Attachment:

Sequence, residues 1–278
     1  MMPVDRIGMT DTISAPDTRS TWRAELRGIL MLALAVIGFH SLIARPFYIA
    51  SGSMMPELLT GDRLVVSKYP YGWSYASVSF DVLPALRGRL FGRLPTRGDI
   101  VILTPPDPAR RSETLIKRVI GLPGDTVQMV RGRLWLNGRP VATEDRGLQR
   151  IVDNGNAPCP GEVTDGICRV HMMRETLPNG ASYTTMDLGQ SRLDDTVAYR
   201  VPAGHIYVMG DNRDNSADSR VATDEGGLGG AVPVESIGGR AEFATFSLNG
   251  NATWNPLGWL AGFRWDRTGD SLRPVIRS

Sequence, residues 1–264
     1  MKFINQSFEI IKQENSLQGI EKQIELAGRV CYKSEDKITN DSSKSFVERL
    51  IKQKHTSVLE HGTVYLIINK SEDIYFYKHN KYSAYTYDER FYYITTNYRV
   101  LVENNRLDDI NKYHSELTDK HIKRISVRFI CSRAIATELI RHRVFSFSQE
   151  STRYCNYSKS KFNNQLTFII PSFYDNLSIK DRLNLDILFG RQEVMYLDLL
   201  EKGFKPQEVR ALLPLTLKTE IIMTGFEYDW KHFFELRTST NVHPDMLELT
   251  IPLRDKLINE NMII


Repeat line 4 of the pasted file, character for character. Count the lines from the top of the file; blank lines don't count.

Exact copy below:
   101  VILTPPDPAR RSETLIKRVI GLPGDTVQMV RGRLWLNGRP VATEDRGLQR